Hyam's Mineral Water Works

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Hyam's Mineral Water Works
23 Hyam's Mineral Works HTsmall.jpg
23 Glendower Street, site of the Mineral Water Works
General information
Address23 Glendower Street
Town or cityMonmouth
Coordinates51°48′39.6″N 2°42′50.9″W / 51.811000°N 2.714139°W / 51.811000; -2.714139Coordinates: 51°48′39.6″N 2°42′50.9″W / 51.811000°N 2.714139°W / 51.811000; -2.714139

Hyam's Mineral Water Works is a nineteenth century building at 23 Glendower Street, Monmouth, Wales. Formerly a mineral water works,[1] it is currently used as residential apartments. The building holds one of the 24 blue plaques awarded by the Monmouth Civic Society to buildings of especial historical and social interest, and features on the Monmouth Heritage Trail.


A mineral water works, for the manufacture of soda water, lemonade and ginger beer, was established in Glendower Street in 1866 by Thomas E. Hyam, a leading figure in nineteenth century Monmouth. He was a corn and timber merchant, saw mill owner, and shop owner, who became Monmouth's mayor in 1875/6 and was also a Justice of the Peace. To quote Keith Kissack,[2] "No committee or association was considered complete unless it included his name". Residences in Monmouth associated with the Hyam family were Cornwall House in Monnow Street and Parade House on North Parade. In 1870, the Duke of Beaufort commended his mineral waters, writing:

"For upwards of six months I have used no Seltzer water but Mr Hyam's of Monmouth… I have found it most excellent. I have never been so well supplied."[3]

In 1895 Kelly's Directory of Monmouthshire for 1901 describes John B Hyam's business as "mineral & aerated water manufacturer & ale & porter merchant."[4] About this time proprietary medicines became popular and were advertised in the Monmouthshire Beacon, amongst which was 'Hyam's Anti-Influenza Tonic Water'.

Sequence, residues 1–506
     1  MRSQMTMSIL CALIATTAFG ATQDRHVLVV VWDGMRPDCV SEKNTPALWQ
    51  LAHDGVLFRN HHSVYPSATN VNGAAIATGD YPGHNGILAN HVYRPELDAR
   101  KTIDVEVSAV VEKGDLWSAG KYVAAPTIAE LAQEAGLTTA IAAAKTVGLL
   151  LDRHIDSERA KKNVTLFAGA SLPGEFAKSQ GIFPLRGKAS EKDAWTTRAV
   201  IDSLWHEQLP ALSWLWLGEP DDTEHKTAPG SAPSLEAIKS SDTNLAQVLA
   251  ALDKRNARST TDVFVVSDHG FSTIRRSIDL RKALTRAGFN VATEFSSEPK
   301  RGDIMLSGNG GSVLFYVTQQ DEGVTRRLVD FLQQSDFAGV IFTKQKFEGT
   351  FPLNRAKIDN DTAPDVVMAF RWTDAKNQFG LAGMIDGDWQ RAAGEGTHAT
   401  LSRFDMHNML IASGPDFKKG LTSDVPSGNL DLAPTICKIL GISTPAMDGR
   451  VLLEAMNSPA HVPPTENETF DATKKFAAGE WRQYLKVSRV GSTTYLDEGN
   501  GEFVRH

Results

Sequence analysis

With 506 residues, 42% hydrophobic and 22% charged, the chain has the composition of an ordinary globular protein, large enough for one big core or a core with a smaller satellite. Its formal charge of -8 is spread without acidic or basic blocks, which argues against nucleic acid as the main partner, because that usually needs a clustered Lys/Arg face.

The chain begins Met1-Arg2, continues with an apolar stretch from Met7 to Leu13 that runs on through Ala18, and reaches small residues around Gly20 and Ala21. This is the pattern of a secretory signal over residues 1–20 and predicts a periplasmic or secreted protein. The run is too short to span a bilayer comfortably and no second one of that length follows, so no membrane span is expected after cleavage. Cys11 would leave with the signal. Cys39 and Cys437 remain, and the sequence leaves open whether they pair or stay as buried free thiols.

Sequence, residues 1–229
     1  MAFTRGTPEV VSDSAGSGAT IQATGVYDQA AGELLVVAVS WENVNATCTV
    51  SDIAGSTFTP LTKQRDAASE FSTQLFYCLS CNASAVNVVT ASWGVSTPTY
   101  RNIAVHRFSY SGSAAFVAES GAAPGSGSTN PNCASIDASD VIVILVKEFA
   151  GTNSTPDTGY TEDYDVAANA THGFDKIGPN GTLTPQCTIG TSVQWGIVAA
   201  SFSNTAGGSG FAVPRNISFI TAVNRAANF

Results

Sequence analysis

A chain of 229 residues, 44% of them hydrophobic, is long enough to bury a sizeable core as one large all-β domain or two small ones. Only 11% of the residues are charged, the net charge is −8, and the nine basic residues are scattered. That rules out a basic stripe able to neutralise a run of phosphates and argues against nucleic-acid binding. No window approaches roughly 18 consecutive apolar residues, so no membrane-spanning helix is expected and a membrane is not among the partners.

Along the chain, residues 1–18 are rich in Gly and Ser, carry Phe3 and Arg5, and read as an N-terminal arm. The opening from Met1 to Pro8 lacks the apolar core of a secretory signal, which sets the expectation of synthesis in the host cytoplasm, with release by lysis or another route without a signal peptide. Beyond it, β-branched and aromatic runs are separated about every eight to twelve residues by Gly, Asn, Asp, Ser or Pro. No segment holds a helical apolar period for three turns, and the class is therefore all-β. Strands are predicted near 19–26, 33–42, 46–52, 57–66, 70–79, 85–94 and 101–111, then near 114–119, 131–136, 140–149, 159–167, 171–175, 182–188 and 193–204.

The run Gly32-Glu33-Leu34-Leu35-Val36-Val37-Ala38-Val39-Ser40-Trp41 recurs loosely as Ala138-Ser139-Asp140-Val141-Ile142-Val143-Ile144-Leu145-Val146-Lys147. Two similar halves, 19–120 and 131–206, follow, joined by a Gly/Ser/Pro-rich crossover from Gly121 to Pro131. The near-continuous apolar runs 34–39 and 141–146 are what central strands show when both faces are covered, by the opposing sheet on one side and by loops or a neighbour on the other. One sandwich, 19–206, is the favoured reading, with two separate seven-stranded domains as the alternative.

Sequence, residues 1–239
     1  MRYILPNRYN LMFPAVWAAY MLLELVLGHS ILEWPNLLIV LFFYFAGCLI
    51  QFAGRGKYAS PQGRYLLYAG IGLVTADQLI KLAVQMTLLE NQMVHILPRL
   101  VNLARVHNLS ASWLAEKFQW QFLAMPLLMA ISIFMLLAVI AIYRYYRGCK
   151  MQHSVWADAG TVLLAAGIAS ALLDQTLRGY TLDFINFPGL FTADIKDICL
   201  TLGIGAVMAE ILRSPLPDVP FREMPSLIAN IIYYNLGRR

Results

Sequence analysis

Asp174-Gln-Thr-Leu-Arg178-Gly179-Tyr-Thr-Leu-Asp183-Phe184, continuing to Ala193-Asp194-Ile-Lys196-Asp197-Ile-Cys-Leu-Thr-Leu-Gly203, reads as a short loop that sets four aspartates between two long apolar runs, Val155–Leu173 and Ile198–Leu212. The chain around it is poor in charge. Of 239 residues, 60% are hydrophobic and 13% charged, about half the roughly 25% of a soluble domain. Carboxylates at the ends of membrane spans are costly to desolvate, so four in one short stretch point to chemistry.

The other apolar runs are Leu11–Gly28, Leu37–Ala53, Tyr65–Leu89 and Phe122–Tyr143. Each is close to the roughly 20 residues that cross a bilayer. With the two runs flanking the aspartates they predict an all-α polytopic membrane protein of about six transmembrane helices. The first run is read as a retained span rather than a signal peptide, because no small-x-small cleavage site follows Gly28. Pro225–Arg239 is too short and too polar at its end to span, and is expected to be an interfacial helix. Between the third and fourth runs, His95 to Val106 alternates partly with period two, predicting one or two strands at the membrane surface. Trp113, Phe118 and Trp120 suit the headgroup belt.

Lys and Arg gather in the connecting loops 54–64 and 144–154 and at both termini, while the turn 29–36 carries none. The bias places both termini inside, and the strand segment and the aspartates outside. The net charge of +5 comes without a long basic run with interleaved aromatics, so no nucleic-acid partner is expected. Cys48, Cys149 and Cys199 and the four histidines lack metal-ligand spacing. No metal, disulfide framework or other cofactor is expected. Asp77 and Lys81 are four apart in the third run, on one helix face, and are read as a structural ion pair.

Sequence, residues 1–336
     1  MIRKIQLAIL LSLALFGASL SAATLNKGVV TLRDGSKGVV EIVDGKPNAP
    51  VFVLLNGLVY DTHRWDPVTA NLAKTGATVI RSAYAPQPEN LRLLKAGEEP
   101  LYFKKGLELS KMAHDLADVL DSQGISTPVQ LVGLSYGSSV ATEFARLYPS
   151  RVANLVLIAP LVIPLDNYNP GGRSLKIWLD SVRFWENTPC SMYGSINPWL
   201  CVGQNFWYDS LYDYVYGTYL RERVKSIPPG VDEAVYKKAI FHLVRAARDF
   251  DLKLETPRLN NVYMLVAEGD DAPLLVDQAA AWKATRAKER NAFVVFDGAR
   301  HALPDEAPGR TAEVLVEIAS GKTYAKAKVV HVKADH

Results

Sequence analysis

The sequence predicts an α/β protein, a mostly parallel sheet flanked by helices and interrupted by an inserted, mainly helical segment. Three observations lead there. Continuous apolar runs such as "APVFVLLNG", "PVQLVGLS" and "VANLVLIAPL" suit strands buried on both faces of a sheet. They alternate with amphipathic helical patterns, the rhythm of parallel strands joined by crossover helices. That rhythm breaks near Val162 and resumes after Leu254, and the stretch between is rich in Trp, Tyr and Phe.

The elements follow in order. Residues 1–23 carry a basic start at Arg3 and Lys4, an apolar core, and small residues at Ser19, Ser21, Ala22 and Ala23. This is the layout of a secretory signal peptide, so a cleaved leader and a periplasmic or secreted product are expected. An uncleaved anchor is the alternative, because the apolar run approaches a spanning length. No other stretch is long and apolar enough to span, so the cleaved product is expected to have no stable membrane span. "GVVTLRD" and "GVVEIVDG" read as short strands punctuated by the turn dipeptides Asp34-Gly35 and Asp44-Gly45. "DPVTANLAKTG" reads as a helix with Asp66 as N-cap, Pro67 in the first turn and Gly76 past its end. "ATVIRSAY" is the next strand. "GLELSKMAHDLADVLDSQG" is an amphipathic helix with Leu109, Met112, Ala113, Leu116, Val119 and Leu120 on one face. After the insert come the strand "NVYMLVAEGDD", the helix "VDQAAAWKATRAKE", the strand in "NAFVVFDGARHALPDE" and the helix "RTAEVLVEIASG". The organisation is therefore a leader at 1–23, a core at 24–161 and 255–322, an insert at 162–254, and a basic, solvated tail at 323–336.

Hyam owned a saw mill and timber yard at Wyesham, and owned boats known as trows for hauling his timber and carrying goods on the River Wye. He also had a retail shop at 33, Monnow Street, designed by Lawrence of Newport and built by Lewis of Monmouth in 1866. The new building of freestone with Aberdeen granite pillars was widely praised at the time. The spandrels were elaborately carved and it was one of the first shops in Monmouth to introduce curved plate glass windows. The premises are, in 2012, occupied by a kitchenware and gifts retailer.

In 1911 the business was taken over by Charles Ballinger, and traded as Ballinger's Mineral Water Works until the 1960s. Ballinger was also the landlord of the Griffin Hotel in Whitecross Street. He traded as a Mineral Water Manufacturer and bottler of Bass and Worthington's Ales, Guinness Stout and Wheatley's Hop Bitters.[5] This continued until the 1960s when the firm closed down. The premises were then occupied by Ebley Ltd., a tyre company, who subsequently relocated to the Mayhill Industrial Estate, and the buildings on Glendower Street were converted into apartments and named Hyam Court.[3]


  1. ^ Royal Commission on the Ancient and Historical Monuments of Wales: Glendower Street. accessed 16 January 2012
  2. ^ Kissack K (1986) Victorian Monmouth ISBN 0-9503386-2-1 Monmouth Historical and Educational Trust, Monmouth
  3. ^ a b Monmouth Civic Society, Monmouth Heritage Blue Plaque Trail, n.d., p.24
  4. ^ Kelly's Directory 1901, Monmouth
  5. ^ advert in the Monmouthshire Beacon, December 1914)